Europe shows sustained growth in economic freedom

Of the world’s 11 freest countries, six are in Europe, according to the 2006 “Index of Economic Freedom” published by the Heritage Foundation and the Wall Street Journal and launched in the UK at the Institute of Economic Affairs on 25 January 2006.

“Of the countries in this region, 31 exhibited an increase in economic freedom while only ten experienced a decline”, editor Marc A. Miles said at the launch. This continues last year’s trend, where, overall, the scores of 30 European countries improved, while only nine countries in the continent lost ground.

The study has shown that countries with the most economic freedom also have higher rates of long-term economic growth and are more prosperous than those with less economic freedom.

The study is based upon an analysis of 50 independent economic variables divided into 10 categories: trade policy, fiscal burden of government, government intervention, monetary policy, capital flows and foreign investment, banking and finance, wages and prices, property rights, regulation and informal market activity. Countries are rated between one and five in each category, one being the best and five the worst. The ratings are then averaged to produce an overall index score.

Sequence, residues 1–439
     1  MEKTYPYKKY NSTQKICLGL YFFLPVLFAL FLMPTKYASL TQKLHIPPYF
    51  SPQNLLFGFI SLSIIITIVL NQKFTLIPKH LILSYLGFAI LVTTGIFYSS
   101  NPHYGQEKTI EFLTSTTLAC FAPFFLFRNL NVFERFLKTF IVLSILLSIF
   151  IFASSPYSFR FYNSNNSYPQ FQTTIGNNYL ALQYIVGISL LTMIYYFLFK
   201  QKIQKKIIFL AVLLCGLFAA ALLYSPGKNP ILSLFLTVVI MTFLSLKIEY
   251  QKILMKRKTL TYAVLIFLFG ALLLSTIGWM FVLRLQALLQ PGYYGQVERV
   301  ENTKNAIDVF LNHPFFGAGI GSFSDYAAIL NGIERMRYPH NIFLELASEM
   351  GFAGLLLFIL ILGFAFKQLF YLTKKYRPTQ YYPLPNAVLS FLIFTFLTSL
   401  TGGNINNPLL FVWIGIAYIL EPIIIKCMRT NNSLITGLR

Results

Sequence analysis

The United Kingdom, currently the fifth freest economy in the world, has seen a 13 per cent increase in economic freedom since the Labour Party came to power in 1997. While the UK advanced faster than the United States, whose economic freedom grew only 4.6 percent during the same period, it lagged behind the European countries in the top 10, whose growth averaged around 22.8 percent.

Ireland surpassed Luxembourg as the freest country in Europe in the 2006 Index, based on an improvement in its fiscal burden score and sustained low inflation. Italy, on the other hand, was Europe’s biggest loser and saw the Index’s biggest fall, second only to Iran, due to a deterioration in its banking and finance, property rights and informal market scores. The UK is placed joint-fifth in the rankings.

Estonia, which had seen consistent growth over the last 15 years, fell back from being the fourth to the seventh freest country in the region